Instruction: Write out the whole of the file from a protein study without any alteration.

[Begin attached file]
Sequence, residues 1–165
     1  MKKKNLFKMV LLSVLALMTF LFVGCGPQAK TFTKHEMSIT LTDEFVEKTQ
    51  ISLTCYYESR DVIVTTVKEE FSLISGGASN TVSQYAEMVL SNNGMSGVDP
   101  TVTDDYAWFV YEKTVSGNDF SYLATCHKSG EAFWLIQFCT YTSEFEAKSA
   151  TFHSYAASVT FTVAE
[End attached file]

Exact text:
Sequence, residues 1–165
     1  MKKKNLFKMV LLSVLALMTF LFVGCGPQAK TFTKHEMSIT LTDEFVEKTQ
    51  ISLTCYYESR DVIVTTVKEE FSLISGGASN TVSQYAEMVL SNNGMSGVDP
   101  TVTDDYAWFV YEKTVSGNDF SYLATCHKSG EAFWLIQFCT YTSEFEAKSA
   151  TFHSYAASVT FTVAE